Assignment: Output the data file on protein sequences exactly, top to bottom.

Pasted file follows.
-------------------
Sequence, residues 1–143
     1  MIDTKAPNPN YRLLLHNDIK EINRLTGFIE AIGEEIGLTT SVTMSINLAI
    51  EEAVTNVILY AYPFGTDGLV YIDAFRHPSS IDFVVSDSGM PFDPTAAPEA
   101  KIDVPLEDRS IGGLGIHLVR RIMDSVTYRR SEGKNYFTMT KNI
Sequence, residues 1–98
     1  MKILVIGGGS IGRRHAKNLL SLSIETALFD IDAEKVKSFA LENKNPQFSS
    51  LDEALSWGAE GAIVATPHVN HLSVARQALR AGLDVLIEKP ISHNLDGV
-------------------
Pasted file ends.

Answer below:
Sequence, residues 1–143
     1  MIDTKAPNPN YRLLLHNDIK EINRLTGFIE AIGEEIGLTT SVTMSINLAI
    51  EEAVTNVILY AYPFGTDGLV YIDAFRHPSS IDFVVSDSGM PFDPTAAPEA
   101  KIDVPLEDRS IGGLGIHLVR RIMDSVTYRR SEGKNYFTMT KNI
Sequence, residues 1–98
     1  MKILVIGGGS IGRRHAKNLL SLSIETALFD IDAEKVKSFA LENKNPQFSS
    51  LDEALSWGAE GAIVATPHVN HLSVARQALR AGLDVLIEKP ISHNLDGV